FIGURE 44-3. The item-specific Parathyroidectomy Assessment of Symptoms (PAS) scores for the nonspecific symptoms of hyperparathyroidism (HPT). A, PAS scores of the HPT patients, demonstrating a significant improvement in all five items at 1-year follow-up (P < .05). B, PAS scores of the thyroid patients, demonstrating no difference in their scores for all five items at 1-year follow-up.

Forgetful Depressed

Preop

FIGURE 44-3. The item-specific Parathyroidectomy Assessment of Symptoms (PAS) scores for the nonspecific symptoms of hyperparathyroidism (HPT). A, PAS scores of the HPT patients, demonstrating a significant improvement in all five items at 1-year follow-up (P < .05). B, PAS scores of the thyroid patients, demonstrating no difference in their scores for all five items at 1-year follow-up.

have been utilized as an indication for surgery by some authors.12,41"44

Using the NIH definition of symptomatic disease, approximately 50% of patients with Io HPT have at least one of the NIH criteria for parathyroidectomy.13 For the remaining 50% of patients, some authors have suggested conservative management with yearly monitoring of physiologic parameters such as serum calcium, BMD, and renal function.611'13'28-45 In the prospective trial involving Io HPT patients randomly assigned to surgery versus observation, Silverberg and colleagues found that 37% (22 of 60) of the observation group demonstrated progression of their disease.28 The majority of these patients were found to have a decrease in their BMD over time, in contrast to the parathyroidectomy group, who demonstrated a significant increase in their BMD. Of the 60 patients in the observation arm, 52 were considered asymptomatic. At 10-year follow-up, 38 of these asymptomatic patients demonstrated no significant progression of their disease. This study illustrated that there is a subgroup of patients with Io HPT that, when followed closely, demonstrates little progression in the physiologic parameters affected by HPT, such as BMD and renal function. It is, however, likely that the investigators have underestimated the population of symptomatic patients and failed to study the impact of the nonspecific symptoms on the patients overall.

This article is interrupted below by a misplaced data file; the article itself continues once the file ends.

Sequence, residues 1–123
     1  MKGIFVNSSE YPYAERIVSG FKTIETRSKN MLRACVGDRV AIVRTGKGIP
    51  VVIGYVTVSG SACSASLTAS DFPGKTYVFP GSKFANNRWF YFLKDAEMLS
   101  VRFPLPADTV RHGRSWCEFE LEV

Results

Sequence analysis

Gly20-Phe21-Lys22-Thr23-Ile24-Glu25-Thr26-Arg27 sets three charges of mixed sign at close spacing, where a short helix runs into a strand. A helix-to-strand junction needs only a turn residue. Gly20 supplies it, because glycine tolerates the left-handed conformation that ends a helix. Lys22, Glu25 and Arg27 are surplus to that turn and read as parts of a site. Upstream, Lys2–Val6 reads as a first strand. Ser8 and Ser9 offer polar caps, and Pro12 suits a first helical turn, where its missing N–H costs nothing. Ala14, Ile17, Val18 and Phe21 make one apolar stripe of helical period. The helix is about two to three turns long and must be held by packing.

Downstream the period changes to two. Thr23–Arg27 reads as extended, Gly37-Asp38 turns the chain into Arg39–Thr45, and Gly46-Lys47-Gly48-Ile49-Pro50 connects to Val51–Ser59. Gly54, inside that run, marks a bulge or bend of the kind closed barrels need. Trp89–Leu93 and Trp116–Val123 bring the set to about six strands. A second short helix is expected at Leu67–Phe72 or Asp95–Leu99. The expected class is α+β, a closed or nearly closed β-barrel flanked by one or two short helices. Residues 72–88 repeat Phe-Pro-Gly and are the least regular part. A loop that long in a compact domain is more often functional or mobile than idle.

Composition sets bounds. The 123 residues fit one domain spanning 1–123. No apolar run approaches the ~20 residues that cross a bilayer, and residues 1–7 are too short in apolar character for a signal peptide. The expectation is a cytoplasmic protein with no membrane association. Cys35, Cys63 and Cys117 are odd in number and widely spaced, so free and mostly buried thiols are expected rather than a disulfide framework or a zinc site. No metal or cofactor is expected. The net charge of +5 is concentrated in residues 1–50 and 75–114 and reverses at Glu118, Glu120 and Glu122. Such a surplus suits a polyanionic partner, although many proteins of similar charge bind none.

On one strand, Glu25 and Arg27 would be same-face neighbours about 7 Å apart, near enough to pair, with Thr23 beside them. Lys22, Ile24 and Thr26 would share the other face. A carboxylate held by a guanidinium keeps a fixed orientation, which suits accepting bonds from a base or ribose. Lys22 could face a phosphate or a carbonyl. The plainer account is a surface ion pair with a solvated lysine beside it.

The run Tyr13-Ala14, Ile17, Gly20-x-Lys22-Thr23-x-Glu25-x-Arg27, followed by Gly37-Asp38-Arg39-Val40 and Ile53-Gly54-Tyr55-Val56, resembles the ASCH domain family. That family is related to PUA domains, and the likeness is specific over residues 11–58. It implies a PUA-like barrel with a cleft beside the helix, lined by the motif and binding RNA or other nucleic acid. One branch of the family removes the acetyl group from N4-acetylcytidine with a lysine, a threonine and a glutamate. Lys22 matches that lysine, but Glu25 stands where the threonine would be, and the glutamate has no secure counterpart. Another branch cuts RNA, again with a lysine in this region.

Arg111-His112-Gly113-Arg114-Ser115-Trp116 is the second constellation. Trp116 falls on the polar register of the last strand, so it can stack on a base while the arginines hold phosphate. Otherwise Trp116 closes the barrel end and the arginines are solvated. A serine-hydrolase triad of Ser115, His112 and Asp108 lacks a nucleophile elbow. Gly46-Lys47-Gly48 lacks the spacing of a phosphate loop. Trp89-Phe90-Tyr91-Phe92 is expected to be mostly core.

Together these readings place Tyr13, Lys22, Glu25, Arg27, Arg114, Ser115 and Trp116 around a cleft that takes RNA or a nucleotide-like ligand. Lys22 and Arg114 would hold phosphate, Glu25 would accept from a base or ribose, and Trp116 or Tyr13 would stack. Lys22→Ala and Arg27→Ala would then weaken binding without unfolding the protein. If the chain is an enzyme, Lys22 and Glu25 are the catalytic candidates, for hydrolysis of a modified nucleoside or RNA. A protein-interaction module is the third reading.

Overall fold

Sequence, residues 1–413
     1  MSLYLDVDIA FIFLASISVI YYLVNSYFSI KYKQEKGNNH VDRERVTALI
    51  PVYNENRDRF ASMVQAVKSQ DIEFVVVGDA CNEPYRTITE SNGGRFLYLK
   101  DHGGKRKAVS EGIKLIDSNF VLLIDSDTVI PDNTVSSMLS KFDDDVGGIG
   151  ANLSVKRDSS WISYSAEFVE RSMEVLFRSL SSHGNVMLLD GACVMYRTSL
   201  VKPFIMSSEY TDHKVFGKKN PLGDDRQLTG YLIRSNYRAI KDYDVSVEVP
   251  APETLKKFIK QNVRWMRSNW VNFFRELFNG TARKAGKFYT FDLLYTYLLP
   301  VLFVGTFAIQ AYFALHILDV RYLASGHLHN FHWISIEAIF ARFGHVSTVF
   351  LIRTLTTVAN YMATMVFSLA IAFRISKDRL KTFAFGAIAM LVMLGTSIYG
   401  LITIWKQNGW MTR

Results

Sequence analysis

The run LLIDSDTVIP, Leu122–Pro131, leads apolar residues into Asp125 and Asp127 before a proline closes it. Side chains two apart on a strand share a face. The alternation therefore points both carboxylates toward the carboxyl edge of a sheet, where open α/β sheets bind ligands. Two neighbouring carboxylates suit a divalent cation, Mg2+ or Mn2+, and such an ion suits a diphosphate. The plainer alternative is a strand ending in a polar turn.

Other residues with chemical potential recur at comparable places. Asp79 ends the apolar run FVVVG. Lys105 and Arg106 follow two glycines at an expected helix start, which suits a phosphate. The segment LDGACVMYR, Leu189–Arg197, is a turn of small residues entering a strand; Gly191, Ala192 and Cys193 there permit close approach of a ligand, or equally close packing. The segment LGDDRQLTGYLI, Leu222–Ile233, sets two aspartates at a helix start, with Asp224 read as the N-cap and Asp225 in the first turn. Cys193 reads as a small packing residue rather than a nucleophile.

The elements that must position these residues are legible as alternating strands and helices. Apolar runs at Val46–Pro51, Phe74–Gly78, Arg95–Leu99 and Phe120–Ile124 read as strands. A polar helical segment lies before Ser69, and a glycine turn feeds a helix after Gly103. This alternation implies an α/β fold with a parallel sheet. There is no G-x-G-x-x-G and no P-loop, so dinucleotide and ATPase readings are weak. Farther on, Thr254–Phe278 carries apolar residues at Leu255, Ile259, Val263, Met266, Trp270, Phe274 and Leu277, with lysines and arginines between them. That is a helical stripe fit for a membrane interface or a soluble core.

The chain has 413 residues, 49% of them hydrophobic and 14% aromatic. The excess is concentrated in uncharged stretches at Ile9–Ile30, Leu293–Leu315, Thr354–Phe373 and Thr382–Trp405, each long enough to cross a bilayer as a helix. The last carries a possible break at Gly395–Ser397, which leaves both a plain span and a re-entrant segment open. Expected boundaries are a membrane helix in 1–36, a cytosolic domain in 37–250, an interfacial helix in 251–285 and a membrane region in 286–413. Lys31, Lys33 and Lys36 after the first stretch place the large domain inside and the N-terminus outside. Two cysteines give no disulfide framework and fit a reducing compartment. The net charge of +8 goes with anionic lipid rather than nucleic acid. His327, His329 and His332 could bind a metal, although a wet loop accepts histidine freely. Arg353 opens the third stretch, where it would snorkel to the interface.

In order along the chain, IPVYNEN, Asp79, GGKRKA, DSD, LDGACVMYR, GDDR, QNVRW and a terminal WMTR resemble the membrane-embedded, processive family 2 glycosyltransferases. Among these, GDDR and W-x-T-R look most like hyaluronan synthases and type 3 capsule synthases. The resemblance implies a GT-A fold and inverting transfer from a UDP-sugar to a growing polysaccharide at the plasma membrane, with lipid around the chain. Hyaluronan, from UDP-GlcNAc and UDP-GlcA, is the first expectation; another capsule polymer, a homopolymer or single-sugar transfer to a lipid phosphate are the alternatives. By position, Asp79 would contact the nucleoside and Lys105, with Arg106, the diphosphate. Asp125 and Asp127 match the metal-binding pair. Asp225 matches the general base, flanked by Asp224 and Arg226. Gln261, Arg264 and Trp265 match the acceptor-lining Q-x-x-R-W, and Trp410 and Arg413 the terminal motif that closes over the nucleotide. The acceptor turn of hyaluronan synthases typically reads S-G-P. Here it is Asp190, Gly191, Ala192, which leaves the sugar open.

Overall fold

There continues to be considerable debate among surgeons and endocrinologists concerning the appropriate treatment of mild, nonprogressive Io HPT. Outcome studies that assess the impact of parathyroidectomy beyond the physiologic parameters of the disease have clearly demonstrated an improvement in the patients' well-being and general health. These studies, however, have been for the most part surgical studies and, because of the inherent referral basis, still do not clearly resolve the debate. Until a randomized study is performed that includes both classic and nonclassic symptoms and measures not only the impact on the physiologic parameters but also the impact on the patient's health-related QOL, the debate over the management of Io HPT will continue.